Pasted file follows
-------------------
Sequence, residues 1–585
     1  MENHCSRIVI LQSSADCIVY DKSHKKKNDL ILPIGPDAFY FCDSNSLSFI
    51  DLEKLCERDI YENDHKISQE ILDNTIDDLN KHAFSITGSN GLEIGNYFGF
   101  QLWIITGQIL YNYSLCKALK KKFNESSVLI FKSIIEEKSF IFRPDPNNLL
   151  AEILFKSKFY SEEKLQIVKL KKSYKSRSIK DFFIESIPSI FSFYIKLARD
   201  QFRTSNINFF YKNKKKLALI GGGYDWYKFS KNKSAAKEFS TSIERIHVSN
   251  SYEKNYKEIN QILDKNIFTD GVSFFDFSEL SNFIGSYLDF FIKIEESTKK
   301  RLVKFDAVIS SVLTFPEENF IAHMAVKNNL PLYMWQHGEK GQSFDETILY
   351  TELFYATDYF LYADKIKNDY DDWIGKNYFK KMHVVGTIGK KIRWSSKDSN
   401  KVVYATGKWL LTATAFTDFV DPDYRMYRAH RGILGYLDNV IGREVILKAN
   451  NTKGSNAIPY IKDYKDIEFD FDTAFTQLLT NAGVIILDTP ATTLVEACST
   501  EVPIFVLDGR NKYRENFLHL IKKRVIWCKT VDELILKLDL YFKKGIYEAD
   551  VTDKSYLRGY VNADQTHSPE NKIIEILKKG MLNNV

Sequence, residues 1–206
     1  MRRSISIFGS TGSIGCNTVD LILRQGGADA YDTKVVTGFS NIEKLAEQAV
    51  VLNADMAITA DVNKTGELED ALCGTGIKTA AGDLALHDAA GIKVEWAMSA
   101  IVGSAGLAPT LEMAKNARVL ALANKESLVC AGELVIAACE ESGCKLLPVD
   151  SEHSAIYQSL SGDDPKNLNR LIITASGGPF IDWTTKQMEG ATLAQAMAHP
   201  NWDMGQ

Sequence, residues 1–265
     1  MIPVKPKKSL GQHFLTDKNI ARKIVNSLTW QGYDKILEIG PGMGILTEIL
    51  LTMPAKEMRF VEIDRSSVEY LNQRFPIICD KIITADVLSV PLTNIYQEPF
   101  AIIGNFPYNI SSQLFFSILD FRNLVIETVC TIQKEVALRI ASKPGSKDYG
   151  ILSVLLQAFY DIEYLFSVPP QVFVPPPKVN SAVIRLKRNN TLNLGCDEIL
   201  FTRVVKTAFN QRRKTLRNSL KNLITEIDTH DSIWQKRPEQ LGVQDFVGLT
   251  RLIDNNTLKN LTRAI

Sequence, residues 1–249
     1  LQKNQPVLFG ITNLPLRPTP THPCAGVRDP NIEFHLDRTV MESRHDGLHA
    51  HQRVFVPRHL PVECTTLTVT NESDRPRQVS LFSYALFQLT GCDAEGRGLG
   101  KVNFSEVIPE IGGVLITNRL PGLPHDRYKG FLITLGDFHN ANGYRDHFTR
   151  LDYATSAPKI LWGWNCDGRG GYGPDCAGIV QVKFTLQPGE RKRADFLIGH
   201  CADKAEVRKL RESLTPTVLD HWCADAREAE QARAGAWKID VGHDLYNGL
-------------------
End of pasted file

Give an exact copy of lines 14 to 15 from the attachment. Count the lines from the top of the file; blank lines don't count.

Sequence, residues 1–206
     1  MRRSISIFGS TGSIGCNTVD LILRQGGADA YDTKVVTGFS NIEKLAEQAV